There are a few things as relaxing as sitting around a campfire under the open skies and just enjoying nature at its best. That is until someone starts the generator and it sounds like a Saturday morning lawn mower.
Not only is the noise annoying to you and your fellow campers, nature doesn’t appreciate it either.
So what can you do? Well, obviously you could go without power but where is the fun in that? You could purchase a quiet generator, but what a manufacturer calls quiet and what you call quiet are often not the same thing. However, there are some steps you can take to make a generator quiet for camping.
If you are not mechanically inclined you should not attempt to quiet a generator. At the same time, taking the described steps require you to enclose the generator and as such it can be dangerous. You should never run a generator in an enclosed space, that you can inhabit or enter. If you are not familiar with the dangers associated with small engines and generators, your best bet is to try to purchase a quiet generator. Having a good night sleep is not worth risking your life if you don’t know what you are doing.
Build A Baffle Box
The only true way to quiet a generator, beyond trying to buy one that is already quiet, is to build a baffle box. A baffle box is an enclosure that goes around the outside of a generator that keeps the sound confined inside. They are effective at reducing the noise significantly, however, they have to be constructed carefully to prevent damage to the generator and to mitigate any potential hazards.
Building The Box
Building the box is relatively simple as often people use wood. However, wood can catch fire and since this box will contain the noise it will also contain the heat. The best boxes are made from thick, heat resistant, plexiglass panels that are connected by screwing in L-shaped brackets. This makes the box lighter than wood and the box is less likely to catch fire. Each one of the panels then has thick, fireproof, insulation attached to provide the sound dampening ability. It is important to secure the insulation to the plexiglass with heat tolerate adhesives and a wire covering that will prevent the insulation from coming into contact with the generator. You must make sure the measurements ensure the unit can fit over the generator and there is plenty of room for air to circulate along the sides and top of the generator.
Add Air Holes
Your generator, like a pet, can’t survive without air for long. In addition, the heat must be allowed to escape from the enclosure. Optimally, you cut holes in the top of the baffle box and fit these holes with battery powered fans to force air into the enclosure and have a row of holes on the bottom of the baffle box for the air to be forced out of. This is called a forced air baffle box and it helps to keep the unit running smoothly while removing any excess heat. You may also put the fan holes on the side with the heat exit holes on the top for efficiency but this tends to allow more sound to escape reducing the ability of the box to quiet the generator.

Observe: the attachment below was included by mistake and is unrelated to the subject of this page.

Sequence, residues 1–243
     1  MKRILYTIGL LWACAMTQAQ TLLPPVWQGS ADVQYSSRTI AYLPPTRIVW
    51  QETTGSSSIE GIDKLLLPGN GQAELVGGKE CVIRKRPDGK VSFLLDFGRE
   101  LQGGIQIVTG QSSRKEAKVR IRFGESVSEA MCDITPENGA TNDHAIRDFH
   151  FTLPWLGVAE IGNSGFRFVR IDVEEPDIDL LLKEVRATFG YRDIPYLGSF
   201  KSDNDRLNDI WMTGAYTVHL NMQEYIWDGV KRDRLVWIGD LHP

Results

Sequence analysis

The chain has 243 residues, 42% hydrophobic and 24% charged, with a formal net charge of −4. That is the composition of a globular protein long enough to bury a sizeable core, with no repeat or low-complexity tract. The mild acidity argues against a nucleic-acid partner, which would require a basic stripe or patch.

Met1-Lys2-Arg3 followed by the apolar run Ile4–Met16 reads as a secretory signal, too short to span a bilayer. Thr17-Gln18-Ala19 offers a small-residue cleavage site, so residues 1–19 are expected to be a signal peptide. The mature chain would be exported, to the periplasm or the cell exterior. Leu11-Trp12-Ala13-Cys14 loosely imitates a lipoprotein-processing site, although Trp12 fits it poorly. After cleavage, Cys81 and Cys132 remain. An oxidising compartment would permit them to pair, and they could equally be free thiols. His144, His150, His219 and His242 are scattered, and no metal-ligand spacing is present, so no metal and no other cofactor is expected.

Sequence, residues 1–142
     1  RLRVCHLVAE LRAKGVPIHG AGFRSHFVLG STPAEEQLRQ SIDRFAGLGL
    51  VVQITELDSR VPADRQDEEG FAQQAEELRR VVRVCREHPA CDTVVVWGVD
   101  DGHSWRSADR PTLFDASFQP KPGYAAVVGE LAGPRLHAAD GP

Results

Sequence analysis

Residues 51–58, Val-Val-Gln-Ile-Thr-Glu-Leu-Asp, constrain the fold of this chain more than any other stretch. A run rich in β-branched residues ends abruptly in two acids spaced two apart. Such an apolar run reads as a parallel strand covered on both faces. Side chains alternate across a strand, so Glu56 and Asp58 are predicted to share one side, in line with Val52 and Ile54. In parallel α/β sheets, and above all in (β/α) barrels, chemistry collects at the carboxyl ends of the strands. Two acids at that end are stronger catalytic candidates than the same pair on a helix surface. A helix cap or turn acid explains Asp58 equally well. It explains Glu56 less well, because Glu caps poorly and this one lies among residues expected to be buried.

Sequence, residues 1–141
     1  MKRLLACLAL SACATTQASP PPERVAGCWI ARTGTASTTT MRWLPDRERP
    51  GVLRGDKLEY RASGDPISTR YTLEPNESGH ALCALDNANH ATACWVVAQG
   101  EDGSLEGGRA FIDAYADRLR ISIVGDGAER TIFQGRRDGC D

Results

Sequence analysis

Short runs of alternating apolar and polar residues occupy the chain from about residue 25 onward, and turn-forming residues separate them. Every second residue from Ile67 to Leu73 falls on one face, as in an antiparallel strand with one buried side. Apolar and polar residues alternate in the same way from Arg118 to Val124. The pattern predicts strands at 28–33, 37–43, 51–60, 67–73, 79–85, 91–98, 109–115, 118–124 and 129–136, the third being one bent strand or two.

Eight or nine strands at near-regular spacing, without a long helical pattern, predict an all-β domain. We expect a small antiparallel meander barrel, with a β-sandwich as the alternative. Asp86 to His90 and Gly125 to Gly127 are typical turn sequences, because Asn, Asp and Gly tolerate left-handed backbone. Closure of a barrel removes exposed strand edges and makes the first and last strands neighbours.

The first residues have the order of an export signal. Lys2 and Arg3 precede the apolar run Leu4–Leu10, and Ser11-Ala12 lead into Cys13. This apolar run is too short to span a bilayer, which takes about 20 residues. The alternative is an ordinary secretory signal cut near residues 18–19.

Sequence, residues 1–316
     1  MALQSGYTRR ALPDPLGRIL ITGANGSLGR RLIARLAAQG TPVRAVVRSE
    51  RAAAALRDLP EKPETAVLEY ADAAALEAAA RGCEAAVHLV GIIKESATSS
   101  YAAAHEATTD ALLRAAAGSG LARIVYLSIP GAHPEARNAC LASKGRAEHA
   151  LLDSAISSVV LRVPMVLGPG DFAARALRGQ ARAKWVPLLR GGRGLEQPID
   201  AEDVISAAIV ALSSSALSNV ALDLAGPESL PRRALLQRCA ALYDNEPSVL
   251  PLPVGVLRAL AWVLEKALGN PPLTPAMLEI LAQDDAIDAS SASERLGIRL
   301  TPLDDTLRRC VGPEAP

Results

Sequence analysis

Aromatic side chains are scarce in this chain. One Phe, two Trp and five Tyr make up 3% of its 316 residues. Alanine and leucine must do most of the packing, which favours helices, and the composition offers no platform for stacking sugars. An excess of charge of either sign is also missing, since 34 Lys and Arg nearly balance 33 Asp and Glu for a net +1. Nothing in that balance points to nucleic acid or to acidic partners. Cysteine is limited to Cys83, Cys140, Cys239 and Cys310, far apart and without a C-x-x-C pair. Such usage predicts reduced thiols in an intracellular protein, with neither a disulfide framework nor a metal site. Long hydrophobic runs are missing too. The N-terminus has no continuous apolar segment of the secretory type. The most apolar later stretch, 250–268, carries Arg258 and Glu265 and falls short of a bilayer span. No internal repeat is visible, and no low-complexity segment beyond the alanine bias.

All generators have controls and these controls should be checked periodically during generator operation. For your baffle box, be sure to cut an access to these controls. You can place a thick rubber flap or an easily lifted plexiglass lid over this access point. This allows you to access the controls, make adjustments and respond if necessary without having to remove the box from the generator. Some generators have wireless remote access but even with those generators, having an access point that you can reach through is still generally considered a good idea.
Don’t Cheap Out
Some people will use cheap, inexpensive, vinyl tubs to cover their generator to make them quiet. As previously mentioned, some will use wood. Importantly, don’t cheap out and use materials that can create hazards for you or others. Use only heat resistant materials and make sure to test everything before you use it. Many use generators while they are asleep, so if this is going to happen you want to make sure your can rest safely without having to worry about your generator catching the enclosure on fire. Some other things to consider is making sure your generator is the type that is equipped with plenty of safety features like an automatic low oil shutdown, overload protection, and a spark arrestor. It should also be approved for use in campgrounds.
A baffle box is the most efficient way to reduce the noise, outside buying a super quiet generator and even then it is subjective on how quiet the generator really is. Just make sure to construct your baffle box with the right materials and making sure it is resistant to a lot of heat and you provide for plenty of air flow. Under no circumstance should you put your head in the enclosure along with the generator running, even if you have a side open. Whatever you do, do not attempt to fuel the generator with the baffle box on.
The heat can cause vapors to ignite. Remove the box and let the generator cool down before your refuel it and allow any vapors from spills to dissipate before putting the box back on. As long as you practice safety first, you can have electrical power and a quiet generator.